Further, the Patriot Act section 802 is significant since it defines terrorism. However, the section does not create a crime of domestic terrorism. Rather, it expands the form of conduct that the government can investigate when investigating terrorism. The Act expanded the governmental powers of investigating terrorism and some of the powers are applicable to domestic terrorism. Although the provision of the Act does not directly advocate the use of discrimination and profiling. It legalizes and establishes a surveillance society in which people suspect their neighbors. This has led to increased mayhem and bedlam with the African Americans and Natives living amongst whites being wrongfully suspected of committing crimes. Subsequently, they are apprehended and sentenced for long terms or fined with no solid evidence.

Fighting for rights and equal entitlements by the African Americans and Native communities in America has proven to be a futile course. Hence the victims should mobilize their leaders to explore more amicable solutions to the pervasive racism in America.

I, ANTHONY WARREN McKINZY declare under penalty of perjury that the foregoing is true of my own knowledge except as to those matters and things stated upon information and belief, and as of those things, I believe them to be true.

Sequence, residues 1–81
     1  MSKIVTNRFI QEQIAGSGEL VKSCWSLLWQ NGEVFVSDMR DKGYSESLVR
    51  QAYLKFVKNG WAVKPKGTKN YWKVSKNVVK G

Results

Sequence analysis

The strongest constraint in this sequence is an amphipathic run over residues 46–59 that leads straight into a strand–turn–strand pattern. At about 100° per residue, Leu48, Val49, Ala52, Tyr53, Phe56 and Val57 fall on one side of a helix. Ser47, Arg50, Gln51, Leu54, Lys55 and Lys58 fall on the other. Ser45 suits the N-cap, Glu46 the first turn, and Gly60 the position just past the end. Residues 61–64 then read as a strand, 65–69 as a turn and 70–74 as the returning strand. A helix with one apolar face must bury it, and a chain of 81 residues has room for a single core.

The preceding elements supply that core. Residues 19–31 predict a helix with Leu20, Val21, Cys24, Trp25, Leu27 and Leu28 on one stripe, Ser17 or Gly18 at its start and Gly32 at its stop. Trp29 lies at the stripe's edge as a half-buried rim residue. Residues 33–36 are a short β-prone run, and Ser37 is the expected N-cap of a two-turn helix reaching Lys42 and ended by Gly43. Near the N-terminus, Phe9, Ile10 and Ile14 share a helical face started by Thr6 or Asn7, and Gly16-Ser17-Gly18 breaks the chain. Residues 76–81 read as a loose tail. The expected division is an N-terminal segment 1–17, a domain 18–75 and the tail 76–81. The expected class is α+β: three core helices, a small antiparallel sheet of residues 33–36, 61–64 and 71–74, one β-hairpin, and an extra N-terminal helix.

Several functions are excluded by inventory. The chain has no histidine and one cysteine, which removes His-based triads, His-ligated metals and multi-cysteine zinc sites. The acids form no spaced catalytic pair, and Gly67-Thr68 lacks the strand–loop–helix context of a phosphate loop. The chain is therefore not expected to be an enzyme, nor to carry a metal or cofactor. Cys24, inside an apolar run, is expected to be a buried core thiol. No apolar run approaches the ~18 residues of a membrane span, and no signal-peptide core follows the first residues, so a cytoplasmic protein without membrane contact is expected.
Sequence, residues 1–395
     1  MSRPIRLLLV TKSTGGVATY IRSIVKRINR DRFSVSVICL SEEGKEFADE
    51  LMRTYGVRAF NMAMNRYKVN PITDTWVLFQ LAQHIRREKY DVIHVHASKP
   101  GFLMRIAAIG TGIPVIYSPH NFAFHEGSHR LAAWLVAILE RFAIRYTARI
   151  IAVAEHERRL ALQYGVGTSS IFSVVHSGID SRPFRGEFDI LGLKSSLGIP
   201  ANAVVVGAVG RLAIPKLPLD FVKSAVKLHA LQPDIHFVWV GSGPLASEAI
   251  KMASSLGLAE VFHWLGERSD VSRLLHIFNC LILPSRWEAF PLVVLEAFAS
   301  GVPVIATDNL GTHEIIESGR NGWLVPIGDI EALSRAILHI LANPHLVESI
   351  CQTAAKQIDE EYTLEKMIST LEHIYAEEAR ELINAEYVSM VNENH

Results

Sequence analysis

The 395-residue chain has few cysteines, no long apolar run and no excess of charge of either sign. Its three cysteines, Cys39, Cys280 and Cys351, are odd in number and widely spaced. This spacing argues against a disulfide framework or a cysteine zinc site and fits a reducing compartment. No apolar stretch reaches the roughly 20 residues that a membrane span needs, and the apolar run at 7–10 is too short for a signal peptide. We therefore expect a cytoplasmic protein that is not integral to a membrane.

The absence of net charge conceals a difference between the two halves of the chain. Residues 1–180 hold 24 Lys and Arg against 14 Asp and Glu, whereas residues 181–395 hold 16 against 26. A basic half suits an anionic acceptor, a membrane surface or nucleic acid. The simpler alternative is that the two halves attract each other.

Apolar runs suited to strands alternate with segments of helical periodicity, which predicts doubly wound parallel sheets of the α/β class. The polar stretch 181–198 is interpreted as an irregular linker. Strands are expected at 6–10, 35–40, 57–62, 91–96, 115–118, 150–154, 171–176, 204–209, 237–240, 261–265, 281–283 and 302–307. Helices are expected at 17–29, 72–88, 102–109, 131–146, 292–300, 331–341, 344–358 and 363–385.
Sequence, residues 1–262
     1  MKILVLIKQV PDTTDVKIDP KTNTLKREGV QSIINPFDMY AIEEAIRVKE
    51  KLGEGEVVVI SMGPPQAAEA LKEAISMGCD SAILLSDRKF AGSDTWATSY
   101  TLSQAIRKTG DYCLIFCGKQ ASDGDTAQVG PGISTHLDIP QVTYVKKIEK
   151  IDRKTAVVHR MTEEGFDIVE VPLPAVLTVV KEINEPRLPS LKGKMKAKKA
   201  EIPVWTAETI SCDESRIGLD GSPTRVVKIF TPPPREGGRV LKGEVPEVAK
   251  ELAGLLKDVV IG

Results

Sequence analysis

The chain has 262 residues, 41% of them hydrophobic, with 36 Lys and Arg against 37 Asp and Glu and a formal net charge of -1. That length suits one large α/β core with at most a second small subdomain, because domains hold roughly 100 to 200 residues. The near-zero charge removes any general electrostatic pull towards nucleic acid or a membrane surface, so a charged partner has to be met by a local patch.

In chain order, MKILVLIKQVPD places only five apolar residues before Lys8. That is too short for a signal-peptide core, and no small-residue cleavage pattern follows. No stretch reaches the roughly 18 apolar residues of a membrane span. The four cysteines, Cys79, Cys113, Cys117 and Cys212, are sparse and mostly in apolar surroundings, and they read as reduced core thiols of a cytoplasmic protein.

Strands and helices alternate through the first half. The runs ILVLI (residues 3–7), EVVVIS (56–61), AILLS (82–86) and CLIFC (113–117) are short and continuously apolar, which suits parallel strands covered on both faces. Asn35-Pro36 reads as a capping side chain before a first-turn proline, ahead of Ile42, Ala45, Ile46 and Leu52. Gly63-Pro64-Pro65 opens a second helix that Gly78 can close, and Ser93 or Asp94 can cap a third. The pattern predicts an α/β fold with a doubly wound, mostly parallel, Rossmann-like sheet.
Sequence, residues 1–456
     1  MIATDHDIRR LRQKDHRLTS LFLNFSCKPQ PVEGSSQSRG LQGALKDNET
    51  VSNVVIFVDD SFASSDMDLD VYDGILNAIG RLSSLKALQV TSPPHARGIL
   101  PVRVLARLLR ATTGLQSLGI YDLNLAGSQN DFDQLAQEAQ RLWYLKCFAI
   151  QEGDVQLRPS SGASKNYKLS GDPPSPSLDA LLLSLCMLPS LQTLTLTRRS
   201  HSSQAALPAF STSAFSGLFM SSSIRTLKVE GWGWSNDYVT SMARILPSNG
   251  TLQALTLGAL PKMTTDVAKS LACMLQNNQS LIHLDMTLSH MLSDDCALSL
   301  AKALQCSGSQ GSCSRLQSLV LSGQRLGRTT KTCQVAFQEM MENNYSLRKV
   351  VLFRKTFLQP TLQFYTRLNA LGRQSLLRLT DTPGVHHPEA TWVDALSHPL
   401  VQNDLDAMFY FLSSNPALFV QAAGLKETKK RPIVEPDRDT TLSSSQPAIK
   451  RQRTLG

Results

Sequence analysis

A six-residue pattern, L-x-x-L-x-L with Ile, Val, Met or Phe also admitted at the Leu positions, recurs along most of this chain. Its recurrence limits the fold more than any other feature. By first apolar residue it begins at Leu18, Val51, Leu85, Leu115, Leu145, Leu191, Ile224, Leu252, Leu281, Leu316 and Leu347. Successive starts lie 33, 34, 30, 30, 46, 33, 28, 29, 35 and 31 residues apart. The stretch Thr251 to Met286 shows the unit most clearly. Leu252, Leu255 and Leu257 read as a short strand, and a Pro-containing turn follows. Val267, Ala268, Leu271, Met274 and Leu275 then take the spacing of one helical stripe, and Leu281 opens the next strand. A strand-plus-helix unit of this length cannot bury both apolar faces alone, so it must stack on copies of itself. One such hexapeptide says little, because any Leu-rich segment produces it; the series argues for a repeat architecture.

Anthony Warren McKinzy

[1]Tischauser, L. V. (2012) Jim Crow Laws.

[2]Plessy v Ferguson, 163 U.S. 537 (1896)

[3]Jeanette, W. (1990) “Jim Crow, Indian Style: The Disenfranchisement of Native Americans.” Indian Law Review, 16 (1), 167-202.

[4]Brown v Board of Education, 347 U.S. 483 (1954)

[5]Alan, G. (2009): Indian Slavery in Colonial America.  Lincoln: University of Nebraska Press.

[6]Andrés, R. (2016). The Other Slavery: The Uncovered Story of Indian Enslavement in America. Boston: Houghton Mifflin Harcourt.


[8]Krauthamer, Barbara (2013). Black Slaves, Indian Masters: Slavery, Emancipation, and Citizenship in the Native American South. Chapel Hill, NC: University of North Carolina Press

[9]Messer, C. M. (2021) “Greenwood: The Rise and Devastation of “Black Wall Street.” Springer.

[10]Lumpkins, C. L. (2020) “Tulsa 1921: Reporting a Massacre by Randy Krehbiel.” Journal of Southern History.


[12]Schechter, P. (2021) “History of the Tulsa Massacre, 1921 (Bibliography).” Portland State University, PDX Scholar.


[14]Brown, T. (20060 “Did the US Army Distribute Smallpox Blankets to Indians?”

[15]18 US Code 175 Criminal Procedure

[16]Selmi, M. “Proving Intentional Discrimination: The Reality of Supreme Court Rhetoric.” Law Journal

[17]Byres, T. J. (1983) “Historical Perspectives on Sharecropping.” The Journal of Peasant Studies.

[18]Barnet, E. et al. (2021) “Using DNA to Reunify Separated Migrant Families.” American Review Journal.


[20]The United States Department of Justice. Bank of America to Pay $16.65 Billion in Historic Justice Department Settlement for Financial Fraud Leading up to and During the Financial Crisis. August 21, 2014. Available at: < >

[21]The United States Department of Justice. Wells Fargo Agrees to Pay $3 Billion to Resolve Criminal and Civil Investigations into Sales Practices Involving the Opening of Millions of Accounts without Customer Authorization. February 21, 2020. Available at: < >

[22]Phillips, S. (2010) ‘The Submarine Crisis and African Americans.” Sage Journals.

[23]Beaeman, A., Glasberg, D.S. & Casey, C. (2011) “Whiteness as Property: Predatory Lending and the Reproduction of Racialized Inequality.” Sage Journals